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Imagine a man passes away and his daughter finds a document titled “Last Will and Testament” in his closet. She sees that it’s signed by her father and two witnesses. Is this the man’s Will? Well, in New York, when someone dies and leaves behind a document that seems like their Will, it needs to go through a process called “probate” before it becomes legally binding. Probate is the process of proving that the document is valid.

To probate a Will, the person nominated as the executor usually files the original document with the Surrogate’s Court, along with a petition asking the court to declare that the filed document is the Decedent’s Last Will and Testament. During the probate proceeding, people who are affected by the outcome of the case have the right to contest the validity of the Will. These people can ask to examine the witnesses and the attorney who drafted the Will, and then decide whether or not to file objections to probate. If they do, litigation will follow concerning the objections made. The outcome of this litigation will determine whether the document is in fact the Decedent’s Will.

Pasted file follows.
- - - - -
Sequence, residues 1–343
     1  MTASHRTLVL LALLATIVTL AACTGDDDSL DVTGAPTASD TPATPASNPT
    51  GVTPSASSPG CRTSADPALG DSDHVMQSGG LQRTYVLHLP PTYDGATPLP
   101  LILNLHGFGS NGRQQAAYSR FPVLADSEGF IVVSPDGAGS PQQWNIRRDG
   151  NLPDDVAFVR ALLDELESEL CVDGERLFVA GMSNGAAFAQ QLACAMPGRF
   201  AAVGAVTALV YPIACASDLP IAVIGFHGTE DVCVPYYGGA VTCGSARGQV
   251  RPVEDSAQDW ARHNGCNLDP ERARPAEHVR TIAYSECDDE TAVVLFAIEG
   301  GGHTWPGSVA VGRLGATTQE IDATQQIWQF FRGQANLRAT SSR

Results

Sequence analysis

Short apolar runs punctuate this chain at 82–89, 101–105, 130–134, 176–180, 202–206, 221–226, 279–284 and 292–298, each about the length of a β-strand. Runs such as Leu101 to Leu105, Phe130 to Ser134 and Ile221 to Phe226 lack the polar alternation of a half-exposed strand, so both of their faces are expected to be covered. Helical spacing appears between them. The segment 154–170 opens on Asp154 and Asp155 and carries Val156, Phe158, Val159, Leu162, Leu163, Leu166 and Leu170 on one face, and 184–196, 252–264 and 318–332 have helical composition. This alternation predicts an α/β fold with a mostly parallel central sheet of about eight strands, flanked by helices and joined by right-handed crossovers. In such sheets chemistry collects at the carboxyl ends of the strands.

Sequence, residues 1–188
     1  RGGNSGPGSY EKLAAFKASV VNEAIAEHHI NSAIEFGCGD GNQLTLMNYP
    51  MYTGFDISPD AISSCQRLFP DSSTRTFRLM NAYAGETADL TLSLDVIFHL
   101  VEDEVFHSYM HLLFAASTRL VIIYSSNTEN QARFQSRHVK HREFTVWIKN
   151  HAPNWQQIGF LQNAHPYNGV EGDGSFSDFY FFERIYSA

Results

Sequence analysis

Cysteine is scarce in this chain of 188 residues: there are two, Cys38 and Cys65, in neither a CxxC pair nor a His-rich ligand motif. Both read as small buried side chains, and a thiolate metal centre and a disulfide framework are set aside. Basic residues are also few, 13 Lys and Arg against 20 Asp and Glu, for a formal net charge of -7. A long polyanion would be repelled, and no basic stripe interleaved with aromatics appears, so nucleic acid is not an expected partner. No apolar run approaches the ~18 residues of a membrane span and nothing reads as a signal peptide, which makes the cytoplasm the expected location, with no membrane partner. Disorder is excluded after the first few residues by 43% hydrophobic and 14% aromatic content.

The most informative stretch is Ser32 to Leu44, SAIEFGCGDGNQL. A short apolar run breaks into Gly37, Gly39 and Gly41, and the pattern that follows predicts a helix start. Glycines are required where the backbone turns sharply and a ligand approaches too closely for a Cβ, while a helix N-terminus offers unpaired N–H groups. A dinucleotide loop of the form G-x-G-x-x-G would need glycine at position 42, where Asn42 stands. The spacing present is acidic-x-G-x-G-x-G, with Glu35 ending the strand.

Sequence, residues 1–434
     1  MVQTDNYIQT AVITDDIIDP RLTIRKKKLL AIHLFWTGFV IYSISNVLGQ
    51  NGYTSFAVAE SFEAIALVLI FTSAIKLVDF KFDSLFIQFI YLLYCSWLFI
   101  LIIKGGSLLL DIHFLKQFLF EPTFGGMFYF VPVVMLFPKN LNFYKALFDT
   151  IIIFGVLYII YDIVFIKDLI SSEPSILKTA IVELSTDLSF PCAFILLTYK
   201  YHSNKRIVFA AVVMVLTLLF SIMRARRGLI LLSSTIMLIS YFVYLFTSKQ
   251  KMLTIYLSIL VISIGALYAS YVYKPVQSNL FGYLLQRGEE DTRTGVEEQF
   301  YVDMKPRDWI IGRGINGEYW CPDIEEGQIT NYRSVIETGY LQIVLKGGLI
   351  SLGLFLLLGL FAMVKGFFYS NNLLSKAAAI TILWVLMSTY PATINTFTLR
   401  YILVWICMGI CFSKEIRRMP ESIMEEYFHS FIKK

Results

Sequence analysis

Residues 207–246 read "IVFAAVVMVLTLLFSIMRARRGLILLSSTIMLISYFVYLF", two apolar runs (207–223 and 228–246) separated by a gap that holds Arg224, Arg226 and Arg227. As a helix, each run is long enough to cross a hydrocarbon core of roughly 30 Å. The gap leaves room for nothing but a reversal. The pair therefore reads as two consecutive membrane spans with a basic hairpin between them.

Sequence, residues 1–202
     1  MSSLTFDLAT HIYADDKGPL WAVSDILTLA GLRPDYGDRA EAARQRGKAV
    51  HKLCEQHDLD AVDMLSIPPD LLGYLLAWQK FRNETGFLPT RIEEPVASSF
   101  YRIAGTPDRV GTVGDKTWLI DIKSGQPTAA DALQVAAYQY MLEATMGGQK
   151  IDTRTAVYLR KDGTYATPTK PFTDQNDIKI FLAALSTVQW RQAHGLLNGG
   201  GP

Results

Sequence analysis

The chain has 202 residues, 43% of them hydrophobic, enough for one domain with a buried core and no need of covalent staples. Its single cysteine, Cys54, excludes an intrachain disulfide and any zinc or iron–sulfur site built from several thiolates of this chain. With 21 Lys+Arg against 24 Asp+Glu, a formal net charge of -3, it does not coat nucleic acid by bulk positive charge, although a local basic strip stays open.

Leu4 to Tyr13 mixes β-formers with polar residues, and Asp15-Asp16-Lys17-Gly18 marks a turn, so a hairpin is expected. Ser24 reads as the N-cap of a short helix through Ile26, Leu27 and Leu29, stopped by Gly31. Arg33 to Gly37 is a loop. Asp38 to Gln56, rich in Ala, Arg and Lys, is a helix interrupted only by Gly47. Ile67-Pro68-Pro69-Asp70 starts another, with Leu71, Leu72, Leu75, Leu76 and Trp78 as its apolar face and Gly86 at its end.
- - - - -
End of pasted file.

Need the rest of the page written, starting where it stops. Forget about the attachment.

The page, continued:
Probating a Will can be complicated and stressful. It’s important to seek the representation and counsel of an experienced attorney to help guide you through this process.

Disclaimer: This post and the other content on this site are not to be considered legal advice for any purpose and the receipt or review of such content does not create an attorney-client relationship.